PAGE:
Patients with Primary Care appointments scheduled at our main hospital or at one of our CBOCs will be offered flu shots at that time. Additionally, flu shots are offered during appointments in our Specialty Care clinics and in the Mental Health Clinic. Flu shots also will be available to our Department of Defense beneficiaries who have scheduled appointments.

Department of Defense beneficiaries, call 1-800-941-4501 to schedule an appointment. Veterans, please call 224-610-3899 to make an appointment.

Flu vaccinations in the community:

Less travel, less hassle

This year, veterans may get a flu shot at their local CVS pharmacies or other retail pharmacies (in the VA network*), and then have the immunization information transferred directly to Lovell FHCC. Veterans enrolled for VA health care can walk into their nearest CVS and get a regular dose shot, through March 2022. Veterans are asked to show photo ID and their Veteran ID card. NOTE: Not all CVS pharmacies are in the VA network. Please go to Find VA Locations | Veterans Affairs to find a VA location or in-network community care provider.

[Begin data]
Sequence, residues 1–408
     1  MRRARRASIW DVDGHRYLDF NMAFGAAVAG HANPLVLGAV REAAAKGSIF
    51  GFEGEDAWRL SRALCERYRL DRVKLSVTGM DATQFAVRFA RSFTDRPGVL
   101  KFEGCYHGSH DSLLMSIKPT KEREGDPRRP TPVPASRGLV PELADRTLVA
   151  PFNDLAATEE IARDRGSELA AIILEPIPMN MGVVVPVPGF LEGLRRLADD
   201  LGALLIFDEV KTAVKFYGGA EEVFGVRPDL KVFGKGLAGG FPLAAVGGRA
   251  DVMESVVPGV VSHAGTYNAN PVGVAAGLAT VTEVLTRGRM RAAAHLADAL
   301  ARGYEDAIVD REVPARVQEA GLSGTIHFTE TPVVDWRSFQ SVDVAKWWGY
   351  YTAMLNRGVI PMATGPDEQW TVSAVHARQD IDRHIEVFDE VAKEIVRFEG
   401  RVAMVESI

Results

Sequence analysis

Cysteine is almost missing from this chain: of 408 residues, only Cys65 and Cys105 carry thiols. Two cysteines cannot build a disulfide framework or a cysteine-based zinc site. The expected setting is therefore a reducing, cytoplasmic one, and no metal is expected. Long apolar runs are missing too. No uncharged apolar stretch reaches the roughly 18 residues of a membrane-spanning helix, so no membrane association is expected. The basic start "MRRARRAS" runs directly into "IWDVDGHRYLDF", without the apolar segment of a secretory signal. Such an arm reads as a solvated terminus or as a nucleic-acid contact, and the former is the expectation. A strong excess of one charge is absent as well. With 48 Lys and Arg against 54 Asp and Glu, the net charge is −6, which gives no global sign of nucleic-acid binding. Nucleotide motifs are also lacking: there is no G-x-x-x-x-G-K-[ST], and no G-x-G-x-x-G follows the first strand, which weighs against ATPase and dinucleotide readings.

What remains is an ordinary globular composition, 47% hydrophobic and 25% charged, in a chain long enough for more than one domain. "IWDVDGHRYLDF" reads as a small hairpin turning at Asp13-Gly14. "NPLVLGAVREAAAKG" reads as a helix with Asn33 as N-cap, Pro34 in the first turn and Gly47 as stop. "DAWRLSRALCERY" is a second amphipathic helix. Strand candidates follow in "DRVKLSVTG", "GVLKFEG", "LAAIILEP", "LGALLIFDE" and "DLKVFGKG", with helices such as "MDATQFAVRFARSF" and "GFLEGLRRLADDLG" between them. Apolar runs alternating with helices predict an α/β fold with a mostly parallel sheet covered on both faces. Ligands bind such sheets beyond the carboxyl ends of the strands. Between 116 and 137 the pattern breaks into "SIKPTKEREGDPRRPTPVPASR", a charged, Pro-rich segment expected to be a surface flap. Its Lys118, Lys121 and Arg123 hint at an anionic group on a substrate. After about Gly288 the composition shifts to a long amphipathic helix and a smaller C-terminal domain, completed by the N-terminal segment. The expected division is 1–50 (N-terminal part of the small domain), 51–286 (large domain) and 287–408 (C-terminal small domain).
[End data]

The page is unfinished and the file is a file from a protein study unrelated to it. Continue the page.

*Note: Walgreens is no longer contracted with the VA.

Lovell FHCC follows CDC guidelines for the provision of flu shots. If you are under 65 years old, you should receive the standard dose vaccine. If you are 65 and older, or ordered by your doctor, you should receive the high-dose flu shot.

Please note veterans 65 and older who go to CVS to receive FLUAD, a trivalent vaccine specially formulated to stimulate a greater immune response, will have to pay out-of-pocket or file with their third-party insurance. Veterans may visit Find VA Locations | Veterans Affairs to find a pharmacy near them that is providing free flu shots.


Learn more about getting your shot in the community from the Department of Community Care.

Department of Defense beneficiaries:

The flu vaccine for our DoD patients is available for pediatric and adult TRICARE beneficiaries in Immunizations 133EF Clinic Monday through Friday from 0800-1130 and 1300-1500. Appointments are preferred with walk-ins available on a space available basis. Please call 1-800-941-4501 to make an appointment.